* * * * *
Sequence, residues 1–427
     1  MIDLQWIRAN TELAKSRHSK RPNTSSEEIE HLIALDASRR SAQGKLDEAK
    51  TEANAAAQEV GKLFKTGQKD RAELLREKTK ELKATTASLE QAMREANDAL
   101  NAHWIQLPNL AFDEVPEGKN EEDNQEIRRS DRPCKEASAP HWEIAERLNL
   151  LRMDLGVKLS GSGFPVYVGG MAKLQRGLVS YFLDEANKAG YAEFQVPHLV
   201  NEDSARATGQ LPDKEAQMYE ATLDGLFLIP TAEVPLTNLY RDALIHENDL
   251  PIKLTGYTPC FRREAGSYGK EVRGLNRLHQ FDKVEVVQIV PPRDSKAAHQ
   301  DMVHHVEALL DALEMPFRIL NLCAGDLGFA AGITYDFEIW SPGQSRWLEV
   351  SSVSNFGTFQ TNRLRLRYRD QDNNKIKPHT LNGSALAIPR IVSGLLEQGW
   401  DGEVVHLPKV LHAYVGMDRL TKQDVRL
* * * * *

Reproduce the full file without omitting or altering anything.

Sequence, residues 1–427
     1  MIDLQWIRAN TELAKSRHSK RPNTSSEEIE HLIALDASRR SAQGKLDEAK
    51  TEANAAAQEV GKLFKTGQKD RAELLREKTK ELKATTASLE QAMREANDAL
   101  NAHWIQLPNL AFDEVPEGKN EEDNQEIRRS DRPCKEASAP HWEIAERLNL
   151  LRMDLGVKLS GSGFPVYVGG MAKLQRGLVS YFLDEANKAG YAEFQVPHLV
   201  NEDSARATGQ LPDKEAQMYE ATLDGLFLIP TAEVPLTNLY RDALIHENDL
   251  PIKLTGYTPC FRREAGSYGK EVRGLNRLHQ FDKVEVVQIV PPRDSKAAHQ
   301  DMVHHVEALL DALEMPFRIL NLCAGDLGFA AGITYDFEIW SPGQSRWLEV
   351  SSVSNFGTFQ TNRLRLRYRD QDNNKIKPHT LNGSALAIPR IVSGLLEQGW
   401  DGEVVHLPKV LHAYVGMDRL TKQDVRL